Procedure for transporting your watercraft
If a watercraft is being removed from a Control Zone water body to be transported for repair or storage it still needs to be cleaned, drained and dried. Mud, and vegetation must be removed. A decontamination only needs to occur before it is going to be launched into another water body.
A transportation authorization is required if they have ATTACHED AIS and they cannot remove them before leaving the shore. If they have used their watercraft in a control zone they will require a decontamination before launching outside of that control zone. If someone was transporting their boat to a mechanic and were inspected by an inspector or officer they could still issue them a decontamination order if they suspected they were carrying AIS or were going to launch into a different water body. The officer or inspector could still issue an order however they would allow time for the boat to be repaired.
Always remove the plugs from the transom and live wells before transporting your watercraft.
If an operator was issued an order to decontaminate and there was not a Decontamination Unit nearby, a wire seal may be placed onto the watercraft until the watercraft complies with the decontamination order. There are options on the decontamination order that allow the operator to self-decontaminate. The terms of the order would be chosen by the inspector or officer based on the risk level of the watercraft and the operator would be required to either visit a provincial station or to self-decontaminate. Inspectors and officers work with the boat owner/operator to find a decontamination method that allows for the least inconvenience for the boater while balancing the risk of AIS transfer. This cannot be done in all circumstances and would be at the discretion of the issuing officer/inspector.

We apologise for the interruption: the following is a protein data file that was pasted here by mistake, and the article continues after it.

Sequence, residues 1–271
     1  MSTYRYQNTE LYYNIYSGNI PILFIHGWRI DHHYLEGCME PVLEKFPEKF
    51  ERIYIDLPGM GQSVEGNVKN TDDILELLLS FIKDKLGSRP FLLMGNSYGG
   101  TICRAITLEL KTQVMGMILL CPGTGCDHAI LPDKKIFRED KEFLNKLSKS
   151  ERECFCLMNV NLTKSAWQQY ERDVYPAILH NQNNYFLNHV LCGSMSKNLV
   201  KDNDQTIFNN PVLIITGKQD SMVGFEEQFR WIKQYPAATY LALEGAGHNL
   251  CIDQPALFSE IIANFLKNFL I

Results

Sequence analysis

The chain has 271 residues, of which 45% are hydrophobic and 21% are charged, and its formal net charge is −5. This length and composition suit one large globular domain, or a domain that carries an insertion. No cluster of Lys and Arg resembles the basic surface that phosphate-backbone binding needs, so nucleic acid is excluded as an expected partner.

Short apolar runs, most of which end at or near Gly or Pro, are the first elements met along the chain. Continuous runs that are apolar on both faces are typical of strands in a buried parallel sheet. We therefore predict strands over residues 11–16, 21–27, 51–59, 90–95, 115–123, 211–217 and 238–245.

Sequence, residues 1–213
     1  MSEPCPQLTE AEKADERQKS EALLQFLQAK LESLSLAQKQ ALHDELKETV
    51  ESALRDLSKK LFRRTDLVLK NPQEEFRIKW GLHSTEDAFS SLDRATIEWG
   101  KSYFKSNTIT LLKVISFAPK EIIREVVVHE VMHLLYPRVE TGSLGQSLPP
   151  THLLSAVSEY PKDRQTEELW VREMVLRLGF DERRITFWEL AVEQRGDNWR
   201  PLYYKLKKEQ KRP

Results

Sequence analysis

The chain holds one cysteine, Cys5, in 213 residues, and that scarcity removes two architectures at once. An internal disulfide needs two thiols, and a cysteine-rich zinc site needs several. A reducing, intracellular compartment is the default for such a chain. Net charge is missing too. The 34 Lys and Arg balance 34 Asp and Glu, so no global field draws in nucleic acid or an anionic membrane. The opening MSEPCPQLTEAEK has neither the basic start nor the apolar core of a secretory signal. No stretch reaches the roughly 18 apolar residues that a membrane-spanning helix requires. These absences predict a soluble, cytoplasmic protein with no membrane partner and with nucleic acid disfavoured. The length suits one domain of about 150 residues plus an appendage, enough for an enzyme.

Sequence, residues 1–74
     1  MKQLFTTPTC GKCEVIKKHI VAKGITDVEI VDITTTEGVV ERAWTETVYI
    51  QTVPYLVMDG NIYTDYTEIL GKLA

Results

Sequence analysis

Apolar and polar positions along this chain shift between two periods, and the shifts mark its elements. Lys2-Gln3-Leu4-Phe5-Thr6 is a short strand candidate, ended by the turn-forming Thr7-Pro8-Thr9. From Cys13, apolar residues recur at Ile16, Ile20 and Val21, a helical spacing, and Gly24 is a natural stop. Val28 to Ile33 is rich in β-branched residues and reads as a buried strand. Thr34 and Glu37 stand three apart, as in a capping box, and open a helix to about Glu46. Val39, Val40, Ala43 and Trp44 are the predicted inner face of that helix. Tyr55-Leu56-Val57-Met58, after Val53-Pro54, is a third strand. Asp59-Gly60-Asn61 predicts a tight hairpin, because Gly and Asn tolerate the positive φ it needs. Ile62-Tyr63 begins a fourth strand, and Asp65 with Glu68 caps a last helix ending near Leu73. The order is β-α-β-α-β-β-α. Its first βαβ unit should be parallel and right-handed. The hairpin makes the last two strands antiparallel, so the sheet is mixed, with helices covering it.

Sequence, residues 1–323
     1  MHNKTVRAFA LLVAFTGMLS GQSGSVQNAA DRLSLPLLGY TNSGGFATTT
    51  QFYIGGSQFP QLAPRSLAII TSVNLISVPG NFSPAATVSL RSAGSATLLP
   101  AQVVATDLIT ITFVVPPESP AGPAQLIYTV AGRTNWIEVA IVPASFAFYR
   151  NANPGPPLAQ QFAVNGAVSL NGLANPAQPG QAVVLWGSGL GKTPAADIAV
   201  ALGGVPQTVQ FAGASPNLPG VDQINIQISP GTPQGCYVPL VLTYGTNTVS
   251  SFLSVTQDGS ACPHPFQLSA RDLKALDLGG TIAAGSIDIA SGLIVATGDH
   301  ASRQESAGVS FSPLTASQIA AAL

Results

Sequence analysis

Learn how to stop the spread of AIS
Outfitters and cottager’s associations can attend a Watercraft Inspection Training session administered by the Department of Sustainable Development (AIS Unit) to learn how to inspect for, identify, and safely remove AIS from watercraft and water-related equipment being removed from their local boat launches. For more information, please contact Candace at 204-945-7787 or at email@example.com
Preset Fines and Offence Descriptions
Preset fines for offences related to the movement and spread of Aquatic Invasive Species are set for individuals and corporations. Please see the link below for a listing of Preset Fines and Offence Descriptions Regulation:
MLOA representatives will be attending future consultations and workshops throughout this summer in order to learn more about how we can stop the spread of AIS in our water bodies and bring awareness to all professional and recreational anglers, eco adventurers, canoeists and campers transporting their watercraft to other water bodies to ensure compliancy with the law. For more information about AIS regulations, inspection sites control Zone Maps please see the Government of Manitoba’s main AIS website: Manitoba.ca/StopAIS